Prevalence of active transportation among adults in Latin America and the Caribbean: a systematic review of population-based studies

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Sa, Thiago Herick de
Machado de Rezende, Leandro Fornias
Borges, Maria Carolina
Nakamura, Priscila Missaki [UNESP]
Anapolsky, Sebastian
Parra, Diana
Adami, Fernando
Monteiro, Carlos Augusto

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Pan Amer Health Organization


Objective. To describe the prevalence of active (self-propelled, human-powered) transportation in the Latin America and Caribbean (LAC) region over the past decade. Methods. MEDLINE, Excerpta Medica (Embase), SportDiscus, Lilacs, MediCarib, Web of Science, OVID, CINAHL, Scopus, Google Scholar, National Transportation Library, and TRIS/TRID were searched for articles on active transportation published between January 2003 and December 2014 with (at least) a title and abstract in English, Portuguese, or Spanish. Research was included in the study if the two reviewing authors agreed it 1) was conducted in an adult sample (>= 18 years old), 2) was designed to be representative of any LAC area, and 3) reported at least one measure of active transportation. Reference lists of included papers and retrieved reviews were also checked. A total of 129 key informants (87 scientific experts and 42 government authorities) were contacted to identify additional candidate publications. Two other authors extracted the data independently. Results. A total of 10 459 unique records were found; the full texts of 143 were reviewed; and a total of 45 studies were included in the study, yielding estimates for 72 LAC settings, most of which were in Argentina, Brazil, and Colombia. No eligible studies were found for the years 2003-2004, resulting in a 10-year study time frame. Estimates were available for walking, cycling, or the combination of both, with a high degree of heterogeneity (heterogeneity index (I2) >= 99%). The median prevalence of active transportation (combining walking and cycling) was 12.0%, ranging from 5.1% (in Palmas, Brazil) to 58.9% (in Rio Claro, Brazil). Men cycled more than women in all regions for which information was available. The opposite was true for walking. Conclusions. Prevalence of active transportation in LAC varied widely, with great heterogeneity and uneven distribution of studies across countries, indicating the need for efforts to build comprehensive surveillance systems with standardized, timely, and detailed estimates of active transportation in order to support policy planning and evaluation.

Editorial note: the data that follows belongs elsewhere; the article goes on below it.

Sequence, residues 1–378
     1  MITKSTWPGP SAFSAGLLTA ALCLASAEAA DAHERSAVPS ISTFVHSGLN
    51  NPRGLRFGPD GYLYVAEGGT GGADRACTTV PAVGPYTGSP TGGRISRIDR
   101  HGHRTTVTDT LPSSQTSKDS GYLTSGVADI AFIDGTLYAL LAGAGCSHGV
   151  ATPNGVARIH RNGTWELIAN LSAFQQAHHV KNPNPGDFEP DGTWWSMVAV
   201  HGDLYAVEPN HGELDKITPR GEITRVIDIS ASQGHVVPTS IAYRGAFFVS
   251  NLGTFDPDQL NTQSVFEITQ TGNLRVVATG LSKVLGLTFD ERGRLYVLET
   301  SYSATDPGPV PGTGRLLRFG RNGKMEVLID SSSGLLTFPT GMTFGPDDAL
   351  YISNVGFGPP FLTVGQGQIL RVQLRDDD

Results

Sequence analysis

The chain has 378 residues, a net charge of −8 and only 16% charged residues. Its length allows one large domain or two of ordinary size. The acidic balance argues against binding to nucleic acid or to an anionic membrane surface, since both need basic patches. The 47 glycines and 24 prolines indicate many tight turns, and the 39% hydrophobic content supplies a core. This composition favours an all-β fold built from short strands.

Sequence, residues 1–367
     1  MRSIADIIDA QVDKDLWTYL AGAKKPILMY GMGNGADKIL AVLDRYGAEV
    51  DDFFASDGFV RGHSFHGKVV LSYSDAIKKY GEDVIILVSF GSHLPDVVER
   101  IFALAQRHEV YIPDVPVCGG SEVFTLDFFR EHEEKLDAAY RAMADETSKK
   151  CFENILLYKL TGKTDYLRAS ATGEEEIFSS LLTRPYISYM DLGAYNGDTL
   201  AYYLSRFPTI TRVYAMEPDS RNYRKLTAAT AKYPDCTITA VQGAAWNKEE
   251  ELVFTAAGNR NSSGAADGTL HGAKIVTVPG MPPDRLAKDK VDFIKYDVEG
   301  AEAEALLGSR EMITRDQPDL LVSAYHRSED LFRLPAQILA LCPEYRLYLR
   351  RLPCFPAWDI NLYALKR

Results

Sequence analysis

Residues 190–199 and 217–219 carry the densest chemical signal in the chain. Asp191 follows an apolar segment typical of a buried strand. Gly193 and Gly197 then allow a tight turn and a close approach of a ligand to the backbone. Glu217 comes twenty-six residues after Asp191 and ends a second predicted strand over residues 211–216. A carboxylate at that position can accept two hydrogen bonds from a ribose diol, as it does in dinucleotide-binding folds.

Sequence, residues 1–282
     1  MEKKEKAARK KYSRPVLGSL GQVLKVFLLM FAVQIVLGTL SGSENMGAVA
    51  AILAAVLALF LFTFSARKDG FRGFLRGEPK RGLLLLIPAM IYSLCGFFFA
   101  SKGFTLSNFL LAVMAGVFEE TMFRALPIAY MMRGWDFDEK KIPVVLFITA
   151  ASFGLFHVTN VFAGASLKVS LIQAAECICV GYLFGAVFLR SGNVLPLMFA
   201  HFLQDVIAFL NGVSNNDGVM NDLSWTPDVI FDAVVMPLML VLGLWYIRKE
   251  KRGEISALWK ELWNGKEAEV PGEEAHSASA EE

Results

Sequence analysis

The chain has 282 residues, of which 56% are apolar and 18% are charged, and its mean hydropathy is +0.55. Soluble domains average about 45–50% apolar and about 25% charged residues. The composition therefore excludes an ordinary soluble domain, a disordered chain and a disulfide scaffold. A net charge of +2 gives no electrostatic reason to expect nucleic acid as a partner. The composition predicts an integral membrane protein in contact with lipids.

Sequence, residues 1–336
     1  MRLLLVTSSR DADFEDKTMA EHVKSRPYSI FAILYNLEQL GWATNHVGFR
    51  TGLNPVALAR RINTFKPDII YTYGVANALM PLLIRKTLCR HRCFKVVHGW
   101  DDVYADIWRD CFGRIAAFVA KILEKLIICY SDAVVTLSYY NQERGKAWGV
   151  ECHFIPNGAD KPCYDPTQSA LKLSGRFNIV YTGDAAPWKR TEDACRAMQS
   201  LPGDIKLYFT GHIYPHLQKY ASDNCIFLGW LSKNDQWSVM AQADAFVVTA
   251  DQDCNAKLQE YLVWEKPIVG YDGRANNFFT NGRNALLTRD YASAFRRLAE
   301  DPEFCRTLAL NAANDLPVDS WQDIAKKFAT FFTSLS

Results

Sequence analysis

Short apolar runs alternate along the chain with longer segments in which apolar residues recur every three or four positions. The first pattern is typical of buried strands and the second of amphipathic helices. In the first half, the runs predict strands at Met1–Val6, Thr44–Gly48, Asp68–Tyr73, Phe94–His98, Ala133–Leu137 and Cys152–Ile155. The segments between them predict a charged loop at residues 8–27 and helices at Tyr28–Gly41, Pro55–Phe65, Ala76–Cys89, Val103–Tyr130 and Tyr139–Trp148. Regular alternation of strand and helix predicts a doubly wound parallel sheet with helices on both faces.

Urban health, healthy city, transportation, walking, motor vehicles, Argentina, Brazil, Colombia, Latin America, Caribbean Region

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Revista Panamericana De Salud Publica-pan American Journal Of Public Health. Washington: Pan Amer Health Organization, v. 41, 11 p., 2017.